LESSON 13 *December 20 - 26
Atonement and Universal
Lesson graphic

Read for This Week's Study:

Dan. 8:13, 14; 1 Cor. 4:5; 15:51–54; Heb. 9:23; Rev. 20:1–4, 11–15; 22:3–6.

Memory Text:

“And I heard a loud voice from the throne saying, ‘Now the dwelling of God is with men, and he will live with them. They will be his people, and God himself will be with them and be their God. He will wipe every tear from their eyes. There will be no more death or mourning or crying or pain, for the old order of things has passed away.’ ” (Revelation 21:3, 4, NIV).

Key Thought: 

  To look at how God will consummate our salvation in Christ and restore harmony to the universe.

Christ’s work of salvation in our behalf will reach its ultimate goal when the earth will be fully reintegrated into the loving harmony and safety of the universal kingdom of God. The Lord is, even now, transforming sinners into saints who will one day populate this kingdom. His redemptive plan includes the transformation of society and nature through an act of re-creation that will also bring the cosmic conflict to an end. The Lord alone will establish that ideal society, one ruled by the love and justice of a God who sent His Son to die for sinful creatures, and He did it all in order to make it possible for these sinful creatures to be part of His universal and eternal kingdom one day. This process, before being fulfilled, will include the ultimate eradication of all evil.  

*Study this week's lesson to prepare for Sabbath, December 27.

SUNDAY December 21

Universal Cleansing

The restoration of God’s creation to its original condition, one free from sin and uncleanliness, was represented in the Day of Atonement ritual. On that day the high priest came closer to the presence of God than on any other day of the year. The daily cleansing of the people that day reached its consummation and therefore pointed to the time when the whole universe will be free from sin.

How does Daniel describe the final triumph of God over the forces of evil? Dan. 8:13, 14.  

Daniel uses Day of Atonement symbolism to describe the consummation of God’s redemptive work in Christ. The heavenly temple is where God has been—through the mediation of Christ—dealing with the sin problem. This work of mediation will come to an end through the final cosmic cleansing from sin and rebellious sinners—a process that began at the end of the 2,300 “days.” This cleansing is associated with God’s end-time judgment. In Daniel 7 this work of judgment takes place before His angelic host (Dan. 7:9, 10, 22) in the context of a court of law, showing that their final destruction has a legal foundation.

How does the high-priestly work of mediation and judgment in the Old Testament find its fulfillment in Christ’s mediation? Heb. 9:23.  

The cleansing power of the sacrifice of Christ has also a future expression, represented in the cleansing ritual performed by the Levitical high priest during the Day of Atonement in the earthly sanctuary. In fact, Christ’s work of mediation reaches its climax in the cleansing of the heavenly sanctuary, which is His work of judgment. By referring to the cleansing of the heavenly sanctuary, Hebrews points back to the cleansing effectiveness of the sacrifice of Christ while pointing forward to its ultimate completion in the experience of His faithful people at the Second Coming (Heb. 9:28). This cleansing also looks forward to the establishment of the kingdom of God (Heb. 12:28), when all the enemies of Christ, who have already been defeated (Heb. 2:14), will “be made his footstool” (Heb. 10:13, NIV). This cleansing will result in an executive judgment “that will consume the enemies of God” (vs. 27, NIV), an act that will be the final cleansing of the universe from the presence of sin and evil.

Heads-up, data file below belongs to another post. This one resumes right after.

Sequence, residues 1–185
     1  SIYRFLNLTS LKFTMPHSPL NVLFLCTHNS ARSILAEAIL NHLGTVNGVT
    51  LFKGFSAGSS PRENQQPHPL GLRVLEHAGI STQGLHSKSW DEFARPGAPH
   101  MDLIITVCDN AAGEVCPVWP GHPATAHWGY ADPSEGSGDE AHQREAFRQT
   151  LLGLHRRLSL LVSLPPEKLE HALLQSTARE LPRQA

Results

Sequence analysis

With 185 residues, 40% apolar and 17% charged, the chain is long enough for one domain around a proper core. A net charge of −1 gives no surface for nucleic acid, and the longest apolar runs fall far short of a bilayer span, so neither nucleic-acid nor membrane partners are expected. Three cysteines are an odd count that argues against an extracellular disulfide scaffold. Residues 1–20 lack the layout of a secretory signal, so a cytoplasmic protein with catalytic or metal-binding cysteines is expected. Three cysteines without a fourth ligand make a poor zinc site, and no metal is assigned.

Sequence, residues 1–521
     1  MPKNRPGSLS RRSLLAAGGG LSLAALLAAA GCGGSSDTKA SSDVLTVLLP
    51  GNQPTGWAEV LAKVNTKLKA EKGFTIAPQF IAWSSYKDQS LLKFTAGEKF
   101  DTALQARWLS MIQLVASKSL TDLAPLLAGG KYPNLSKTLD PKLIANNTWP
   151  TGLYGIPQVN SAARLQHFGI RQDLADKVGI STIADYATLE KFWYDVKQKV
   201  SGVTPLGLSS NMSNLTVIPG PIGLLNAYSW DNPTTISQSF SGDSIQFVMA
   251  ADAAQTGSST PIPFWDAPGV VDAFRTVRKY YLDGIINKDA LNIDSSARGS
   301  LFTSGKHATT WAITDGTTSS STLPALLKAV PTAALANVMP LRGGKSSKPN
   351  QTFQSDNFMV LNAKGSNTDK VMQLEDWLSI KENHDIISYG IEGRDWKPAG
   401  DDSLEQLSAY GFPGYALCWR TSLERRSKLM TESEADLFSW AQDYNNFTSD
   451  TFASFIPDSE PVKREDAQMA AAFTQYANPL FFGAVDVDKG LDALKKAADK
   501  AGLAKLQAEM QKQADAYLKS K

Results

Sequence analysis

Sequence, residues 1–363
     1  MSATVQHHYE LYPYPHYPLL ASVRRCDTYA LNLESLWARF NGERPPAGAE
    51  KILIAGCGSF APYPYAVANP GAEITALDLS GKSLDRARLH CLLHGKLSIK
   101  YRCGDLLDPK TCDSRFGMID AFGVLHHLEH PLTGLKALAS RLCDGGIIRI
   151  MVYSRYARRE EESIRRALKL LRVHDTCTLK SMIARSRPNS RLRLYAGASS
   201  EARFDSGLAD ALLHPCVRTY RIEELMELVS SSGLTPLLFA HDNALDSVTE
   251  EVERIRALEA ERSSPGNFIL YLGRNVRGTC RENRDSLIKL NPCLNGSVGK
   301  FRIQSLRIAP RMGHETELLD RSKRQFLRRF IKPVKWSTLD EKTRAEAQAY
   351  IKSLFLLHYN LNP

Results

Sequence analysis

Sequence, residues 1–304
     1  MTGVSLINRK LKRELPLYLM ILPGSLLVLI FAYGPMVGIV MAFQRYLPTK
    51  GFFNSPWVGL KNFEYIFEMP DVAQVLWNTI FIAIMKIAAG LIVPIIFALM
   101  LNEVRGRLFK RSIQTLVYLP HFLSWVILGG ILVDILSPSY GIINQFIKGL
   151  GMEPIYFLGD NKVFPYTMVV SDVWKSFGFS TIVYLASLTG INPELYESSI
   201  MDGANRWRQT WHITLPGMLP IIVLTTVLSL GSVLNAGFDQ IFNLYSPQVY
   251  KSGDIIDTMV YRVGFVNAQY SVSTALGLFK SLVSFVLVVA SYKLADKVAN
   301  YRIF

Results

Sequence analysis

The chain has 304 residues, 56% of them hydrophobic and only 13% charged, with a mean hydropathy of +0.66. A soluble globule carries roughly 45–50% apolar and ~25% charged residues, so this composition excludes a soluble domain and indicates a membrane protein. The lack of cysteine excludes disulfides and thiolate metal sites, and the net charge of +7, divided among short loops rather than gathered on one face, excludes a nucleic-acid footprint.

MONDAY December 22

Vindication of God's People

Read Hebrews 9:27, 28 and 1 Corinthians 15:51–54. What is being described here, and what hope does it offer us?  

The realization of our ultimate hope in Christ consists, first, in the radical transformation of human nature (1 Cor. 15:53), when we go from our corrupted and disfigured self to our true self, one no longer distorted and perverted by sin. We will be rid, too, of our wretched mortality.

Second, the realization of our hope at the Second Coming will consist in our being removed from the presence of evil in all its forms. This will lead to a new mode of existence, one permanently detached from the sphere of sin. Removed from the sinful social conditions that predominate all societies and cultures, we will be restored to the conditions originally created by God for the human race.

Third, the realization of the Christian hope at the return of Christ will consist of a permanent, unhindered, and visible access to our Savior. Believers look forward to a time when they will exist in the immediate presence of the Savior, never to be separated again (1 Thess. 4:17). This permanent union with our Lord and Redeemer will enrich the quality of human life in dimensions that we cannot even begin to anticipate now.

Finally, the consummation of the Adventist hope at the Second Coming will also consist of a harmonious social interaction. That will be a moment of reunion, a reencounter. The separation from loved ones occasioned by the power of death comes to an end through the re-creative power of the Savior (1 Cor. 15:54–57). The individual hope merges here with the collective hope of those who, throughout the ages, died in Christ while embracing the promises of God. This is the consummation of our reconciliation and will not be threatened by the presence of sin.

Why are all these promises shown above so important to us? What would our faith be without them? Why must our hope be “other-worldly;” that is, beyond anything that this present world offers, no matter how much good we seek to do here and now?  

TUESDAY December 23

Judging the Evil Powers and the Wicked

When and how will God deal with the phenomenon of sin in His rebellious creatures? 1 Cor. 4:5, 6:3, Rev. 20:1–4.